Judge Shelby’s decision held that the plaintiffs have a fundamental right to marry that extends to their choice of a same-sex spouse.  Given such a right, any state laws passed affecting that right must be narrowly tailored to serve a compelling state interest.   In analyzing the constitutionality of  Utah’s ban on same-sex marriage, Judge Shelby held that the State of Utah’s proffered legitimate government interests of fostering responsible procreation and optimal child-rearing environments, its right to proceed with caution in deciding to extend marriage rights to same-sex couples and to preserve the traditional definition of marriage, are not rationally related to Utah’s prohibition of same-sex marriage.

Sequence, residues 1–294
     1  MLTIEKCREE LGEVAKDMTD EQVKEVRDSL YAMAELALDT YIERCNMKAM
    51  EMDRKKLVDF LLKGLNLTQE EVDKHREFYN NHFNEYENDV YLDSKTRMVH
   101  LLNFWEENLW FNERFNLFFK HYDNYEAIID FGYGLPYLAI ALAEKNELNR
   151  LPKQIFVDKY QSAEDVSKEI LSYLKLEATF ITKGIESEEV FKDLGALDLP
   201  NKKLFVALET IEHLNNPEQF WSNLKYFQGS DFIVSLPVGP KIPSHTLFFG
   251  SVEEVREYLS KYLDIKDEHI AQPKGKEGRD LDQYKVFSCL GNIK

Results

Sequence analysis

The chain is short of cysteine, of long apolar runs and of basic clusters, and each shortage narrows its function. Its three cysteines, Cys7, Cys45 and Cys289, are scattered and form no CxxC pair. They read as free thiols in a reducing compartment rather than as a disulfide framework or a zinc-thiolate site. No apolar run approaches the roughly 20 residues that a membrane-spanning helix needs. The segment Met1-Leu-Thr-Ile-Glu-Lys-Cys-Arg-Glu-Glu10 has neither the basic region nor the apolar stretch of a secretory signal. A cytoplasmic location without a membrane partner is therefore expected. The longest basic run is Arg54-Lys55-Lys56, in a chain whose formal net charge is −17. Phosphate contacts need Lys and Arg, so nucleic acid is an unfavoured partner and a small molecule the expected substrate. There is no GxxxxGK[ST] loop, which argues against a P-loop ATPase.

Following the decision in Kitchen, a record breaking number of same-sex marriages have taken place in Utah.  The State of Utah’s requests for a stay of the district court’s decision pending appeal were denied by Judge Shelby and also by the U.S. Court of Appeals for the 10th Circuit.  Now, the State of Utah has filed a petition with the Supreme Court requesting a stay of Judge Shelby’s ruling. The granting of a stay would permit Utah to stop issuing marriage licenses to same-sex couples until the appeal is decided by the Tenth Circuit.  It is believed by some that by seeking a stay from the Supreme Court, the State of Utah anticipates that the case will ultimately be heard by the Court.  The Supreme Court’s apparent reticence in addressing this issue may be short-lived.